"They can cause a lot of trouble," Rutledge told SPACE.com.
Last year, NASA launched its so-called Solar Shield project to serve as an early-warning system for serious space weather events.
Powerful impacts possible
Monday night's storm produced both a big solar flare and a CME. Wdespread satellite or communications disruption, however, is likely not in the cards.
"We don't expect this to cause any kind of lasting damage to our infrastructure," Rutledge said.
But Earth has been walloped by monster solar storms before. One of the most powerful hit us in 1859, a blast that Rutledge estimates may have been 30 times more powerful than Monday's event, though it's tough to put hard numbers on such comparisons.
The 1859 storm shorted out telegraph wires, causing fires in North America and Europe, and spawned spectacular auroras — the light shows visible near Earth's poles — bright enough to read by, according to some accounts.
If the 1859 storm occured these days, it would likely have devastating impacts, since our electrical and communications infrastructures are so much more developed. A recent report by the U.S National Academy of Sciences found that such a severe storm could cause up to $2 trillion in initial damages by crippling communications on Earth and fueling chaos around the world.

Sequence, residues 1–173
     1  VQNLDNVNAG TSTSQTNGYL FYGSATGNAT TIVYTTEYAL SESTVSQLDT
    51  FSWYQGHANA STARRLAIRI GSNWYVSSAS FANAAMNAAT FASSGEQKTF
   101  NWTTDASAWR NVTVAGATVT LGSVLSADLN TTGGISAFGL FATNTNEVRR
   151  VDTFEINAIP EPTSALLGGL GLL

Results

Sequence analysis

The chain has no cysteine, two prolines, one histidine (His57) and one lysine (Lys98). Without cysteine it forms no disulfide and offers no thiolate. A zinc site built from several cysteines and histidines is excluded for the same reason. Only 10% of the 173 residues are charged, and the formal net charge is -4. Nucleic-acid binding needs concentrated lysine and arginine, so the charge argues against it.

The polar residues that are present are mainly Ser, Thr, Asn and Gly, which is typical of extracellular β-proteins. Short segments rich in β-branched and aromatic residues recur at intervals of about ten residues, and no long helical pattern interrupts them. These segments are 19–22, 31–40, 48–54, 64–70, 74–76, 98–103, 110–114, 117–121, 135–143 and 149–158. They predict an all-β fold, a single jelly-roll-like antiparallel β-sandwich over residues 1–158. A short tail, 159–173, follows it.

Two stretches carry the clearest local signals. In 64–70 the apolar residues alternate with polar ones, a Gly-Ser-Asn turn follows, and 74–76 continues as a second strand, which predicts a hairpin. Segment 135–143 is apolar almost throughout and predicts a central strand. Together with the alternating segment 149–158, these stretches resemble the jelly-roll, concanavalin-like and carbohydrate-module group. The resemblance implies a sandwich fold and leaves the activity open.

It might take up to 10 years for authorities to re-assert control and get everyting fixed, the report concluded. For comparison, Hurricane Katrina likely inflicted somewhere between $80 billion and $125 billion in damage.
What does the future hold?
The sun works on an 11-year activity cycle, and it's currently gaining strength. Forecasters now expect peak activity might occur in 2013 or 2014, Rutledge said, though nobody knows for sure.
So more flares and CMEs should be headed our way over the next several years. So far, the sun has been relatively quiescent during this cycle, so perhaps peak activity won't compare to the maxima of previous cycles, researchers said.
But a big, Earth-shaking blast could come screaming at us all the same, and researchers are monitoring the sun closely.
"This has been a remarkably quiet solar cycle," Gurman told SPACE.com. "But that doesn't mean there won't be a big event."
You can follow SPACE.com senior writer Mike Wall on Twitter: @michaeldwall.
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Michael Wall is a Senior Space Writer with Space.com and joined the team in 2010. He primarily covers exoplanets, spaceflight and military space, but has been known to dabble in the space art beat. His book about the search for alien life, "Out There," was published on Nov. 13, 2018. Before becoming a science writer, Michael worked as a herpetologist and wildlife biologist. He has a Ph.D. in evolutionary biology from the University of Sydney, Australia, a bachelor's degree from the University of Arizona, and a graduate certificate in science writing from the University of California, Santa Cruz. To find out what his latest project is, you can follow Michael on Twitter.